Wednesday, November 17, 2010

I Have A New Crush

Wow, I have not heard of her before, but this Molly Webb lady has got all the right ideas in why smart cities will help save the world.

I did a quick image search on her there are a lot of pictures of her. Is that stalking?

Sunday, November 07, 2010

The (Sad) State of Socializing

It is pretty sad how rarely I have put thoughts up here. Also pretty sad to see the aftermath of the US election. My despondency is not so much about the size of the swing to Republications, but the growth moronic truisms that pass as debate these days.

Generally I love NPR, but they have been irritating me this week. This whole Tea Party thing is just plain anti-thinking and even NPR has been giving them a platform without challenging them sufficiently. For example, Tea Party Leaders Go Over Election Wins, Losses, we get the excellent commentary from Matt Kibbe, CEO of FreedomWorks, whose motto is "Lower Taxes, Less Government, More Freedom".
I really think that even before November 2nd, the Tea Party had defined this election by driving the issues that mattered in this debate. And virtually every Republican and most Democrats - certainly, the Democrats that won in battlegrounds like West Virginia - literally ran on the Tea Party agenda.

Ran on the Tea Party agenda? How about a question like, "Where can I find the Tea Party agenda?" Maybe, where I can buy "Partner With Beck" and get my free copy of Rules for Patriots Handbook.

Another comment by Kibbe, this time in relation to Republicans willingness to "compromise".
If the question is government-run health care, I don't understand what the compromise would be between a bad idea and half a bad idea.

And the interviewer, Steve Inskeep, ignores the quip on "government-run health care" and just goes right to the next question.

Look, I got no problem with people like Kibbe being on NPR. In fact, let them on all the time, but please make them defend their moronic statements. Ask a follow on question. It's your job.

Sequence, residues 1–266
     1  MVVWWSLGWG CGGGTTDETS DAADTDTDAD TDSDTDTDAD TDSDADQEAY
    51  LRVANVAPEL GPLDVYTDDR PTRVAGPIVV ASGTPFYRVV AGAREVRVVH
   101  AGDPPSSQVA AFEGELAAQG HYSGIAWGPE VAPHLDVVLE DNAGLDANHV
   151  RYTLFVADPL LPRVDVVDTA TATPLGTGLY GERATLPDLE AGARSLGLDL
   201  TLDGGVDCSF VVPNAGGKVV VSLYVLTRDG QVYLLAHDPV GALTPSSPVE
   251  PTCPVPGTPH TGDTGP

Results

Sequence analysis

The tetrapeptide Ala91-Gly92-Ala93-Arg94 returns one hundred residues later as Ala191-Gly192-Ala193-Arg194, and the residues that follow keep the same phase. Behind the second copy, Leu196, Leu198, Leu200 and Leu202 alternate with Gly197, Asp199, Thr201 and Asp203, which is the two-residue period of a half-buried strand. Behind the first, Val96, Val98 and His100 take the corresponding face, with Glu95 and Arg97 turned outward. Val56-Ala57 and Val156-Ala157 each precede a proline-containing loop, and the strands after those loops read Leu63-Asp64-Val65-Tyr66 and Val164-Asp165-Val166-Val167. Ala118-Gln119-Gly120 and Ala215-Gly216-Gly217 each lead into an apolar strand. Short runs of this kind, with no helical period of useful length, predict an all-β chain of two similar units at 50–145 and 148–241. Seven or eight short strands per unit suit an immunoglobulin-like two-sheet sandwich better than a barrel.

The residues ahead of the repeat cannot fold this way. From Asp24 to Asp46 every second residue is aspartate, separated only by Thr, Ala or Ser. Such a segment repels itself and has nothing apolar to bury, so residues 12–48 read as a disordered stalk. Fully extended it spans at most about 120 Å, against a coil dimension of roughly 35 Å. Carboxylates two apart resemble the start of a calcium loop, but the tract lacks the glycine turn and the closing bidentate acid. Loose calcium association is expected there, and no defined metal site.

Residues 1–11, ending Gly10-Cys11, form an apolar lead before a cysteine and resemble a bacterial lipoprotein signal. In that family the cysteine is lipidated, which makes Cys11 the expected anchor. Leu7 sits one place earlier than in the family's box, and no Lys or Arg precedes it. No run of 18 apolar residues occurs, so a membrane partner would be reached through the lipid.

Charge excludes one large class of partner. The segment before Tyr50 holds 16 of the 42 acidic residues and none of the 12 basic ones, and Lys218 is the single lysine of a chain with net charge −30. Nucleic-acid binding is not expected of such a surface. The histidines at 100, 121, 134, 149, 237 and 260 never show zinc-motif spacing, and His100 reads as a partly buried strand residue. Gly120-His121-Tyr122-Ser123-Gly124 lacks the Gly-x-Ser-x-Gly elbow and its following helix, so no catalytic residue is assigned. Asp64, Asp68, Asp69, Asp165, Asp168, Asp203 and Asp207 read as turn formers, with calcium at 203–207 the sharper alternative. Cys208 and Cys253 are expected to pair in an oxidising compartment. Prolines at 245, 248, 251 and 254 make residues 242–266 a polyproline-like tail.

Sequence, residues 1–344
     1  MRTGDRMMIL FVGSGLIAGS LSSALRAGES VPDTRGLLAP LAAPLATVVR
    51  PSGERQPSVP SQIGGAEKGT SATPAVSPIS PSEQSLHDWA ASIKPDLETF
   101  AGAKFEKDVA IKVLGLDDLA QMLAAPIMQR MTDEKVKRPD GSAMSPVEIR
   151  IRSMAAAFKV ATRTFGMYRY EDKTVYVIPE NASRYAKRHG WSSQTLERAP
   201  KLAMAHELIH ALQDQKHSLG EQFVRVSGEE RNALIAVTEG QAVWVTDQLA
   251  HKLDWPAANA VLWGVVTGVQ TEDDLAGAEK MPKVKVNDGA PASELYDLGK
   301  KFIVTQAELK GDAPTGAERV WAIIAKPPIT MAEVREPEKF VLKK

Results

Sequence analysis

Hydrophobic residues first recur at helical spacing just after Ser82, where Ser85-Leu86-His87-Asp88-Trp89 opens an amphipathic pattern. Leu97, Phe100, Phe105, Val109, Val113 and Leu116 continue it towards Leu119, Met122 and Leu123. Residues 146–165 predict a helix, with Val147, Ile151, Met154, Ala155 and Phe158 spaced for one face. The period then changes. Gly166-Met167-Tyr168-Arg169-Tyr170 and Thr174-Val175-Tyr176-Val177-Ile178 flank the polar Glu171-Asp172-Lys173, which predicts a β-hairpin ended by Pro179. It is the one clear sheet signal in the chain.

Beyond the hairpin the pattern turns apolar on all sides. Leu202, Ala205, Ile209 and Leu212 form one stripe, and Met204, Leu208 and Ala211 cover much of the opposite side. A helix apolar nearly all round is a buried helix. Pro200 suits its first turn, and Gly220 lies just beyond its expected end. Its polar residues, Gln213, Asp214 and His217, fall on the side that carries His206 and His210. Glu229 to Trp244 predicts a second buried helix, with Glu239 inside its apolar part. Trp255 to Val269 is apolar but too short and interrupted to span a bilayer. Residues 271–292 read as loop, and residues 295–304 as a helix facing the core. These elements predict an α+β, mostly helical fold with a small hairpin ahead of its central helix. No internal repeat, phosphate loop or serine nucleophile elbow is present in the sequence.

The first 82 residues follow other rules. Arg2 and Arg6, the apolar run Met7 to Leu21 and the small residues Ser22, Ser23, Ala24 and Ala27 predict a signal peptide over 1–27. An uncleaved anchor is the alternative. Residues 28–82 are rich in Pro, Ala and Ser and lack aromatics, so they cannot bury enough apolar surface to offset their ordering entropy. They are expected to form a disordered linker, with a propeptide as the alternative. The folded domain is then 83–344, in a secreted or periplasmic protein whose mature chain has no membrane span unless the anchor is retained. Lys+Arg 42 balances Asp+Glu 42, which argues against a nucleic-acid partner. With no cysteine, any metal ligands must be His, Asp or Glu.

Sadly, also, is the fact the person most actively doing the job of the journalist is a comedian. It still is Jon Stewart who highlights the absurdity of our declining debate. Watch his interview with Chris Wallace of Fox News. Wallace doesn't even understand the point Stewart is making - that he too criticizes MSNBC, which he says is a pathetic attempt to fight Fox by being "double AA ball" partisan next to major league Fox when what is should do is get some "earned credibility" by becoming a "brand new journalistic organization".

Listen, Mr. Wallace, did you get it? Think...think...oh, no, right over your head and on to your talking points about the latest poll.

Where have all the good journalists gone?

Tuesday, August 24, 2010

"Mosque" Maddness

I have gasped at the quotes I have read over recent weeks from the opposition to the Islamic community center in New York. One thought such overt statements of bigotry were long gone, but sadly, that is not true.

Thank Goodness, God and Allah (I am being secular here on purpose) for Jon Stewart.

Part one.

Part two.

Part three.

Certainly to be continued...

What's the point of Fox News?

Wednesday, June 23, 2010

I Had A Farm In Africa

Social change, for sure, but to what end? I just watched When China Met Africa, a short film with no commentary. Just images and exchanges. Very intense images.

A historic gathering of over fifty African heads of state in Beijing reverberates in Zambia where the lives of three characters unfold.

Mr Liu is one of thousands of Chinese entrepreneurs who have settled across the continent in search of new opportunities. He has just bought his fourth farm and business is booming.